The Manic Pixie Dream Girl label has become a tired, overused trope

The Manic Pixie Dream Girl label has become a tired, overused trope in a tired, overused genre in which a one-dimensional female character exists solely to help a lost young man shake up his life and reach full potential. (What about her happiness? Who cares?) Think Elizabethtown, Garden State, or 500 Days of Summer. In 5 to 7, our Lost Boy is Brian (Anton Yelchin), an unpublished 24-year-old writer who papers the walls of his nice Manhattan apartment with rejection letters, completely unaware of his privilege. (Brooklyn we could maybe believe.) He soon meets Arielle (Berenice Marlohe), a beautiful 33-year-old Parisian, and is instantly infatuated with this Manic Pixie Dream Woman. The two begin a flirtation intended to be cute and charming, but which comes off as flat and contrived.

Arielle tells Brian that she’s got a husband and two children, but maintains an open marriage between the hours of 5 and 7 p.m. every weekday. And of course she’s the one who initiates the affair, after Brian hesitates for just one honorable nanosecond. 5 to 7 is pure male fantasy, predicated on familiar types. Arielle is one of those effortlessly beautiful Frenchwomen, and Brian will be inspired by her muse. Sample voiceover: “She made me a writer. She made me a man.” Excuse me while I go vomit.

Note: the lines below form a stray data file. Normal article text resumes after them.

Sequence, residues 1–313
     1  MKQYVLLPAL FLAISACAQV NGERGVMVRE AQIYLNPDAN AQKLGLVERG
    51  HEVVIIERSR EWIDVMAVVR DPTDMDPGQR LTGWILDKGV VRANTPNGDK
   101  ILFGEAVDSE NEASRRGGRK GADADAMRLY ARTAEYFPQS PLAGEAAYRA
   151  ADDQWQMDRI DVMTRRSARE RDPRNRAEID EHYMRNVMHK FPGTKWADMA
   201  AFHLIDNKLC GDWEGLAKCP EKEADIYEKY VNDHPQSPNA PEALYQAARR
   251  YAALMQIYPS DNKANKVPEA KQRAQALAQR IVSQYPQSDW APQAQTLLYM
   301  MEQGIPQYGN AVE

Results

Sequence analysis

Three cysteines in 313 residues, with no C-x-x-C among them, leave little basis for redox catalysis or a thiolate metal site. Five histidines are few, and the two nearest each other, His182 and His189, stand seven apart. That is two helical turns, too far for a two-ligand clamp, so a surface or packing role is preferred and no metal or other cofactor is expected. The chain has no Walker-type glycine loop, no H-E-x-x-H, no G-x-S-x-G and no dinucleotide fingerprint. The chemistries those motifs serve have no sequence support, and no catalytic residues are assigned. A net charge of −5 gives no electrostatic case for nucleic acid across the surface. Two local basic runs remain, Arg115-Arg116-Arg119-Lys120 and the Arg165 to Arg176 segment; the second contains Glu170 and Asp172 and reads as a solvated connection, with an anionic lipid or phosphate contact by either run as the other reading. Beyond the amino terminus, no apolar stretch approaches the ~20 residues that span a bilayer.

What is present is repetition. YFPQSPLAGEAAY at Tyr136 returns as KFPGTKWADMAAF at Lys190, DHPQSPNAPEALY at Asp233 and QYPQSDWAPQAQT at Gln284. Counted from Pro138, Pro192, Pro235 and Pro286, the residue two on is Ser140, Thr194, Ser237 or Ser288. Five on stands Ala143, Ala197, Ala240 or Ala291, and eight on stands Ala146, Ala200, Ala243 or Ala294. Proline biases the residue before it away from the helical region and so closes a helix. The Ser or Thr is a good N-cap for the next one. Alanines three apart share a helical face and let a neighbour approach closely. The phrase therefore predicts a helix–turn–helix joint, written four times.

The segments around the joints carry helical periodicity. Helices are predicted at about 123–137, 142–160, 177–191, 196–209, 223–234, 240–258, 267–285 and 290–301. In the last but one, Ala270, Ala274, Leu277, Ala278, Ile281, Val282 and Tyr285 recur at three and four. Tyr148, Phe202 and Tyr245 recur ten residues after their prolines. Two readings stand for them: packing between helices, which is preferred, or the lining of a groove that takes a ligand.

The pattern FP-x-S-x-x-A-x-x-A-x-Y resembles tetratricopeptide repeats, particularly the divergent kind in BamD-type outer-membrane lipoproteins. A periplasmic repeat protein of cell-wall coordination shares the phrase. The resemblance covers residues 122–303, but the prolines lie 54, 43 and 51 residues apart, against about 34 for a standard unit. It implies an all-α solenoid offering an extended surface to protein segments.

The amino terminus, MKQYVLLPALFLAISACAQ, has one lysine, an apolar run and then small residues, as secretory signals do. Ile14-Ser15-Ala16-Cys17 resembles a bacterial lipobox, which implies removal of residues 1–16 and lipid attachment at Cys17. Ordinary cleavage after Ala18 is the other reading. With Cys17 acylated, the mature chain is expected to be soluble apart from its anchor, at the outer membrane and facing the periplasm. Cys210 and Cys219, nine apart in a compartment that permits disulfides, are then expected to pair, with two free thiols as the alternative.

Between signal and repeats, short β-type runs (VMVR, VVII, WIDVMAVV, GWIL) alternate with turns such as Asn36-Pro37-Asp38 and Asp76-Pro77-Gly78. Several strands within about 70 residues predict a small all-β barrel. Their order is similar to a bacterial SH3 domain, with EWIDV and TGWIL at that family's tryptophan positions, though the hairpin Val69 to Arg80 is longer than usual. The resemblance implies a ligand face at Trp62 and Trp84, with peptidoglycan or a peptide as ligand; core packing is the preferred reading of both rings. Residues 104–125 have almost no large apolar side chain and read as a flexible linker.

Director Victor Levin, a producer on Mad Men and a veteran TV writer, doesn’t seem to agree with film’s “Show, don’t tell” rule. 5 to 7 ’s dialogue is clunky and copious. Coupled with static camera work, the film is trying to be Gilmore Girls trying to be a Woody Allen movie. I had high hopes for Yelchin after his stellar performance in the indie romance Like Crazy. Unfortunately, he and Marlohe—while both very attractive—have no chemistry. But, as Brian says, “Progress is not linear.”

dle@seattleweekly.com

5 TO 7 Opens Fri., April 17 at Sundance Cinemas. Not rated. 97 minutes.




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